A recent report, published in Brookes’ Faculty of Health and Life Sciences Research Update on the workshops may be read below, or by following the link above to a PDF copy of the Research Update. More details about the workshops’ content may be found underneath the report.
These workshops form part of a Public Engagement Initiative, sponsored by the Faculty of Health and Life Sciences at Oxford Brookes University. The workshops are offered free of charge (on a first-come, first-served basis) to primary state schools and youth groups in Oxfordshire. All primary schools and youth groups (within or outside Oxfordshire and/or the state sector) should feel free to email me (sianjones[at]brookes.ac.uk) to discuss workshop arrangements.
The workshops are devised to engage children (aged 5-11 years) and their teachers with the latest findings from a research project looking at bystanders’ behaviour on the playground, through an interactive friendship workshop.
The research project in question shows that (a) peer groups and peer group membership can change the way that nastiness between classmates is perceived, and (b) that having someone in your friendship group who will speak out against nastiness (rather than stand and watch) is beneficial to psychological adjustment.
Workshop activities are tailored to meet the different needs of children aged 5-11 years. There is no reading or writing necessarily involved in taking part.
Content of the workshops
Each workshop has two parts. One is a whole school assembly, suitable for all primary age children, and the second part is suitable for classes of 25-30 children.
Part 1 – Whole Class Assembly (10-15 minutes)
This introduces children to thinking about the effect of nasty comments on children, and possible motivations for such comments, through a story about some classmates, and an interactive demonstration that friendships are easily broken, but take time to mend.
Children are asked what the targeted child (a) might feel, and (b) could do about what was happening to her. Speaking out against nastiness is reinforced. Children are asked at the end of the assembly to think of one kind thing they could do or say to someone else during the rest of the day before being dismissed.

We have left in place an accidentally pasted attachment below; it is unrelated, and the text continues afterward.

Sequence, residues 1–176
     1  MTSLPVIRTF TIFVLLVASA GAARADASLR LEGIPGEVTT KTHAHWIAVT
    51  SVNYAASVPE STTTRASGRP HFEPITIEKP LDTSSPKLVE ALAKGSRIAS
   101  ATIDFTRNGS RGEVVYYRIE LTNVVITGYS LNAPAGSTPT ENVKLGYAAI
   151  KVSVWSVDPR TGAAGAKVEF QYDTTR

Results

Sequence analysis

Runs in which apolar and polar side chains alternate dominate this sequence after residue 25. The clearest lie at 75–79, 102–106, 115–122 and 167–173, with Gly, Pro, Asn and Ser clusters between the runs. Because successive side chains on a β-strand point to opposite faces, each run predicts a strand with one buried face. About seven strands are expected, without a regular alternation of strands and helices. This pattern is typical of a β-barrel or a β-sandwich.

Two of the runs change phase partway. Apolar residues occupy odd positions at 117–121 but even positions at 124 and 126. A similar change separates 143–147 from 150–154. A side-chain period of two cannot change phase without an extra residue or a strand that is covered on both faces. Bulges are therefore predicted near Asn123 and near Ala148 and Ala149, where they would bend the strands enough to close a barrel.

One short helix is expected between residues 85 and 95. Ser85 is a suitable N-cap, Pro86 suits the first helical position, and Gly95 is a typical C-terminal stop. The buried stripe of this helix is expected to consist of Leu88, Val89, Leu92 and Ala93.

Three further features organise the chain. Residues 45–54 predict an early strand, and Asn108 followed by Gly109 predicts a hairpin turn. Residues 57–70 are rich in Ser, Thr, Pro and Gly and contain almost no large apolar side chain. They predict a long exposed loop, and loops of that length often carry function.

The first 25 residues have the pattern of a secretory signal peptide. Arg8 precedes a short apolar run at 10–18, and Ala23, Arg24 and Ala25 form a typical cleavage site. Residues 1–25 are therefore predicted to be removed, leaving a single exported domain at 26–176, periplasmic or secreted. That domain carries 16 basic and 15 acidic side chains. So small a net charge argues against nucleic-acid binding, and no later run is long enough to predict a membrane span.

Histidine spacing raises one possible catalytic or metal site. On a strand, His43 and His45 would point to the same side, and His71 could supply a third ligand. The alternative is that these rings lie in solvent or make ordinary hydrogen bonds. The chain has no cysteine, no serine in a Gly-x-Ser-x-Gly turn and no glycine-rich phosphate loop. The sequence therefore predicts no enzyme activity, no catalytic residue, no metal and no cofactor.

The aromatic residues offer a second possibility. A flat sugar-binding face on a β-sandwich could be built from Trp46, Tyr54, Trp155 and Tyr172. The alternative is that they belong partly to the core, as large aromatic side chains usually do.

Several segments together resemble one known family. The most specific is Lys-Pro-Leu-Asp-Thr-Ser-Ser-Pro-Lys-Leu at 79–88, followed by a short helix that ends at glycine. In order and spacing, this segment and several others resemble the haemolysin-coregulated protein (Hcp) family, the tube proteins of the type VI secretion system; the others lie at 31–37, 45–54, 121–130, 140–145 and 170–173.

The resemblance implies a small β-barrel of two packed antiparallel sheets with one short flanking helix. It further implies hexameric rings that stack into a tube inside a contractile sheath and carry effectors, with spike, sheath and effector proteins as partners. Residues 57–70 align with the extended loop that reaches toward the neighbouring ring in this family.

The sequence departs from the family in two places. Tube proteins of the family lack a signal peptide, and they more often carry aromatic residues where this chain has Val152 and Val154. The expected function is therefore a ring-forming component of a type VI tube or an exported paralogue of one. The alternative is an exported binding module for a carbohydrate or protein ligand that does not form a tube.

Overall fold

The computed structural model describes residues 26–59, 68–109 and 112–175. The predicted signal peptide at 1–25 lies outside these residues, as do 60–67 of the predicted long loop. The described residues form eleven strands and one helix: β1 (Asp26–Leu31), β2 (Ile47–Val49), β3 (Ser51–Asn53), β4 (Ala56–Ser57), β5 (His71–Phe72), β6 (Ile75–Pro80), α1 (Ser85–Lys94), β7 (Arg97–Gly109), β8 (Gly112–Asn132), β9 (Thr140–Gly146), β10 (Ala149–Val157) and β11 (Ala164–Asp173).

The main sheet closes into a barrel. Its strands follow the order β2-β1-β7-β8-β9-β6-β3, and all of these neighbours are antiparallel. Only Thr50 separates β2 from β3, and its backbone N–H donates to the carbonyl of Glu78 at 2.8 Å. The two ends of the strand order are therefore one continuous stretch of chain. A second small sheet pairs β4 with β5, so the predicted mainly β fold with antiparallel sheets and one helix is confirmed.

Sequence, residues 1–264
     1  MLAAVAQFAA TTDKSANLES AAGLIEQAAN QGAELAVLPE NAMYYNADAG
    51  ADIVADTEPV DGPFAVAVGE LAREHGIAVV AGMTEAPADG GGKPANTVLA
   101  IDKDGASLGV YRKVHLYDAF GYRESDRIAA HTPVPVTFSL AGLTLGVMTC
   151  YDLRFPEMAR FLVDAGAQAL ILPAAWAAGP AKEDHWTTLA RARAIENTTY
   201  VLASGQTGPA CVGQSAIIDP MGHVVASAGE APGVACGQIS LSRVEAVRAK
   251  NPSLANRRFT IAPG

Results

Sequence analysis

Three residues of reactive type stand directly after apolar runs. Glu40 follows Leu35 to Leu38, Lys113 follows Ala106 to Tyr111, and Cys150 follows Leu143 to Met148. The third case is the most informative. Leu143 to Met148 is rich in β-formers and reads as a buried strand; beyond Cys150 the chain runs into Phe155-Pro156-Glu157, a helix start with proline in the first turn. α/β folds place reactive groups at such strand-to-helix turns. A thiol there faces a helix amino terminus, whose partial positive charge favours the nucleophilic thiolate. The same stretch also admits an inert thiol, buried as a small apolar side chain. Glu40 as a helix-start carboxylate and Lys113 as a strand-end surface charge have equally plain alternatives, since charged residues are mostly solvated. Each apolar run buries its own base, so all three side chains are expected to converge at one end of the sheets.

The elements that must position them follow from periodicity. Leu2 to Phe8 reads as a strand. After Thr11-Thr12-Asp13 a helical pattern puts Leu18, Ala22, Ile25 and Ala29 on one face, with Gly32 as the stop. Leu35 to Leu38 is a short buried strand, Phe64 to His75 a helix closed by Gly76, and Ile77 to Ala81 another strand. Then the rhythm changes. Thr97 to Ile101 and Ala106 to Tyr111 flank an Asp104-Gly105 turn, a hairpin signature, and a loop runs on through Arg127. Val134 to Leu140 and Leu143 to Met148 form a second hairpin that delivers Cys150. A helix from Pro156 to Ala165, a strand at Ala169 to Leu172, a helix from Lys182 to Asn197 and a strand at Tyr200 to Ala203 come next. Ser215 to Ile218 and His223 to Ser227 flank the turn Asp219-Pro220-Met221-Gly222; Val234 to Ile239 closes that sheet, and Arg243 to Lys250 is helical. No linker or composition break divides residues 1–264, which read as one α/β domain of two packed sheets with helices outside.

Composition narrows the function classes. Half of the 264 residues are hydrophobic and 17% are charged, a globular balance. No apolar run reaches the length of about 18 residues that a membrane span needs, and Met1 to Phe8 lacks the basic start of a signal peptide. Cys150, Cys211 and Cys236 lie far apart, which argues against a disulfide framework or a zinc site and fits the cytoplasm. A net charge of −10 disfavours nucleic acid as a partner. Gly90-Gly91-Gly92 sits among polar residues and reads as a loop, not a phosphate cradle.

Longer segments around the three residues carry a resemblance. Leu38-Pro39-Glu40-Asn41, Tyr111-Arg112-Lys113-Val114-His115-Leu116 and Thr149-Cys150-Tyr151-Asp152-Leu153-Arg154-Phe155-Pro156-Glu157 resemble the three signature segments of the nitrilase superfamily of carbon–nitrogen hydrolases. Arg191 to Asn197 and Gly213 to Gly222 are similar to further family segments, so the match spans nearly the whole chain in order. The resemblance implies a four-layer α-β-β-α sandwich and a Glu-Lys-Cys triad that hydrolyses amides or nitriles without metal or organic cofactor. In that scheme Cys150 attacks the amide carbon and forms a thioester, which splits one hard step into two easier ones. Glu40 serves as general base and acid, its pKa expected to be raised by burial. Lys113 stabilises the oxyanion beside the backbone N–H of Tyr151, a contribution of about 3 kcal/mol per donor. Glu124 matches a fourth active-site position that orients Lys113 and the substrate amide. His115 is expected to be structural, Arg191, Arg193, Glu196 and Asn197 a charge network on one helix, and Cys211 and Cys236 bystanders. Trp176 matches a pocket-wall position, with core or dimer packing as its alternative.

Part Two – Classroom activity (1 hour)
Each activity follows a five-minute ice-breaker session with the class.
Key Stage Two: Children often claim that what one child sees as nastiness was “just banter”. In this session, children are presented with a series of vignettes involving humour use, which might constitute nastiness(e.g., “you laugh at a friend’s new haircut”). Children move to different points in the room reflecting their opinions of the vignette (e.g., “OK”, “wrong”, “right” “depends”. The class discusses each vignette in turn.
Key Stage One: Children are asked for words that describe being a good friend, and their opposites.
They are asked to get into pairs and decide “what is friendship”, and “do best friends ever argue”. They then feed-back.
Following this, the children are asked to devise, in small groups, a drama sketch that shows how arguments between friends may be resolved. The sketches are watched by the class.
I bring with me the materials for the activities. All I ask teachers to provide is a whiteboard and marker pen in their classrooms, and to arrange their classrooms so that desks are against walls, and there is space for children to sit in a large circle.
I also bring my Enhanced CRB disclosure for schools to look at.
Debriefing and Evaluation
At the end of the workshop, each child is given an age-appropriate Childline card and advised of how to use it. I will also distribute brief feedback forms to the class with four-five simple questions (e.g., I liked the session, I disliked the session, ‘my favourite thing was’ I don’t want to do……again’).
I will ask children to do a reflective poem/drawing about friendships after I have left, to allow class teachers to follow up on any outstanding questions the children may have.